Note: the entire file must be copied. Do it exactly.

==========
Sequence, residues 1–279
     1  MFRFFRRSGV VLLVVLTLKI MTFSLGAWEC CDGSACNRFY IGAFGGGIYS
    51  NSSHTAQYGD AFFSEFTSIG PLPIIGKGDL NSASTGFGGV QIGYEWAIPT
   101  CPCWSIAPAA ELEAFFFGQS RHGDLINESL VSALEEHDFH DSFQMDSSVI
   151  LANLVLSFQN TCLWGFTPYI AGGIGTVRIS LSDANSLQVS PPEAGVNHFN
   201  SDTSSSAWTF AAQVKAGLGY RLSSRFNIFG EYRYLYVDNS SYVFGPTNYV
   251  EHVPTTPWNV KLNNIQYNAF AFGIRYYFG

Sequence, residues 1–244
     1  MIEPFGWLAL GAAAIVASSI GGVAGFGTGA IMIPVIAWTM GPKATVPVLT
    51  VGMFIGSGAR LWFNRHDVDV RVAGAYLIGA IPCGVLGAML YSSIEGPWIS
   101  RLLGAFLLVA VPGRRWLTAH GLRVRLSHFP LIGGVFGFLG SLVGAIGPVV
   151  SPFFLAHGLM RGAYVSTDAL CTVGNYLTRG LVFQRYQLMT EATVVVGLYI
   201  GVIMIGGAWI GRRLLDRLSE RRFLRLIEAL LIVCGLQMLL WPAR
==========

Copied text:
Sequence, residues 1–279
     1  MFRFFRRSGV VLLVVLTLKI MTFSLGAWEC CDGSACNRFY IGAFGGGIYS
    51  NSSHTAQYGD AFFSEFTSIG PLPIIGKGDL NSASTGFGGV QIGYEWAIPT
   101  CPCWSIAPAA ELEAFFFGQS RHGDLINESL VSALEEHDFH DSFQMDSSVI
   151  LANLVLSFQN TCLWGFTPYI AGGIGTVRIS LSDANSLQVS PPEAGVNHFN
   201  SDTSSSAWTF AAQVKAGLGY RLSSRFNIFG EYRYLYVDNS SYVFGPTNYV
   251  EHVPTTPWNV KLNNIQYNAF AFGIRYYFG

Sequence, residues 1–244
     1  MIEPFGWLAL GAAAIVASSI GGVAGFGTGA IMIPVIAWTM GPKATVPVLT
    51  VGMFIGSGAR LWFNRHDVDV RVAGAYLIGA IPCGVLGAML YSSIEGPWIS
   101  RLLGAFLLVA VPGRRWLTAH GLRVRLSHFP LIGGVFGFLG SLVGAIGPVV
   151  SPFFLAHGLM RGAYVSTDAL CTVGNYLTRG LVFQRYQLMT EATVVVGLYI
   201  GVIMIGGAWI GRRLLDRLSE RRFLRLIEAL LIVCGLQMLL WPAR